Immediately below the chamber 76 is the reduced portion 78 which has the same diameter as the upper portion 74. The tapered portion 80 tapers outwardly from the diameter of the reduced portion 78 to the lower portion 82, the lower portion having a diameter approximately the same or slightly less than the diameter of the chamber 76. A wash liquid port 90 is formed through the wall of the wash collar 16, intersecting the bore 72 immediately above (as seen with respect to FIG. 2) the intersection of the tapered portion 80 and lower portion 82. The port 90 is connected by a fitting 92 to a length of tubing 94 which is in turn connected to a source of wash liquid as described with reference to FIG. 3 below.

The upper portion 74, central chamber 76, reduced portion 78, tapered portion 80 and lower portion 82 are all coaxial and all but the tapered portion have cylindrical side walls. The bore 72 throughout its length is sized to freely receive the probe 36 and provide annular spaces or gaps between the portions of the bore 72 and the exterior surface of the probe 36 that may be received within the bore 72. The bore 72 and ports 84, 90 may be formed by, for example, drilling. An insert 96 may be fixed within the body 70 to define the upper portion 74 and the upper tapered wall 77A of the central chamber 76.

As seen with reference to FIG. 2, the probe 36 includes an outer shell 100 and an inner fluid carrying conduit 102. The shell 100 and conduit 102 and both preferably metal and are separated by an insulating compound (not shown). The outer shell 100 and inner fluid carrying conduit 102 are electrically connected to a liquid level detection device (not shown) which may detect the contact of the probe tip 56 with the surface of a liquid by sensing, for example, increased conductivity between the shell 100 and conduit 102. Such a liquid level detection device may be of conventional design and is well known in the art.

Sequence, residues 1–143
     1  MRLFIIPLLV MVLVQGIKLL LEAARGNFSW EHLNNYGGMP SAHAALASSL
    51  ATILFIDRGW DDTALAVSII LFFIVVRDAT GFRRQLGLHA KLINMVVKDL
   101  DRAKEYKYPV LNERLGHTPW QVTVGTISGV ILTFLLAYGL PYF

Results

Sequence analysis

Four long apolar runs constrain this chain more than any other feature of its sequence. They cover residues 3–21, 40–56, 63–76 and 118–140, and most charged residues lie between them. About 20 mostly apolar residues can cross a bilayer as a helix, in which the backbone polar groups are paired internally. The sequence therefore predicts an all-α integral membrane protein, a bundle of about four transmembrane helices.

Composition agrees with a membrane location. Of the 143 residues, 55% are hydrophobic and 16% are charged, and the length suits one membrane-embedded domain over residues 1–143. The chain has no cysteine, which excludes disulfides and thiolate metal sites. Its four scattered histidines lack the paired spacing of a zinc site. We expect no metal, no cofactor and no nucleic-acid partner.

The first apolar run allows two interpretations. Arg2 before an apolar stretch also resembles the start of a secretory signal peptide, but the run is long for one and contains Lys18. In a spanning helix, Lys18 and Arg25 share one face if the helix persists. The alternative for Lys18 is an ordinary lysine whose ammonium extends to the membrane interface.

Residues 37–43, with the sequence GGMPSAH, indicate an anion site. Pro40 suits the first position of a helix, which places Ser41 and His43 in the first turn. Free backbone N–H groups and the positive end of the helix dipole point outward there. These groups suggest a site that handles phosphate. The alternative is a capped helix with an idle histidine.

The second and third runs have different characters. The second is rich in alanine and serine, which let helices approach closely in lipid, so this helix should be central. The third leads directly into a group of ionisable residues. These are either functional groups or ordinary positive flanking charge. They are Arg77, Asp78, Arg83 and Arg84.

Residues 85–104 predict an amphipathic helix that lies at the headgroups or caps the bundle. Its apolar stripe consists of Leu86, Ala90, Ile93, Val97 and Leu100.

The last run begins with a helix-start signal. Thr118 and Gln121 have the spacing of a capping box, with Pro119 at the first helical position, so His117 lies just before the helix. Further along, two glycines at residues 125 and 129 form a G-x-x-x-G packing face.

The apparatus of the present invention may be integrated into and controlled by the fluid and control system of FIG. 3. The inner liquid carrying conduit 102 of the probe 36 is connected via tubing 110 to an automated syringe 112 and a solenoid controlled valve 114. Preferably, the tubing 110 is formed into a coil 115 proximate the top of the probe 36, the coil providing turbulence as liquid flows through the probe 36 to thus generate a mixing action in such liquid flow. The automated syringe 112 is conventional in design and includes a piston 116 operable in a chamber 118, the piston 116 being connected to and operated by a motor 120. The valve 114 controls the flow of a wash liquid from a pressurized wash liquid reservoir 124. The tubing 94 from the wash liquid port 90 in the wash collar 16 is connected to a solenoid controlled valve 122 which controls the flow of a wash liquid from the reservoir 124. The reservoir may be pressurized by way of a regulated air pump 125. The tubing 88 connected to the vacuum port 84 in the wash collar 16 is connected via a solenoid controlled valve 126 to a waste reservoir 128 to which is applied a regulated vacuum from a vacuum pump 130.

As described above with respect to FIG. 1, the motor 46 is actuated to displace the probe 36 vertically, either up or down, and a motor 132 pivots the arm 12 via the shaft 20. The valve 114, motor 120, valve 122, valve 126, motor 46 and motor 132 are all controlled by a controller 134 which may be of conventional design and which is programmed to control the operation of the system in accordance with the method of the present invention. The outer shell 100 and inner fluid carrying conduit 102 are electrically connected to the controller which includes level sensing circuitry such as that described above.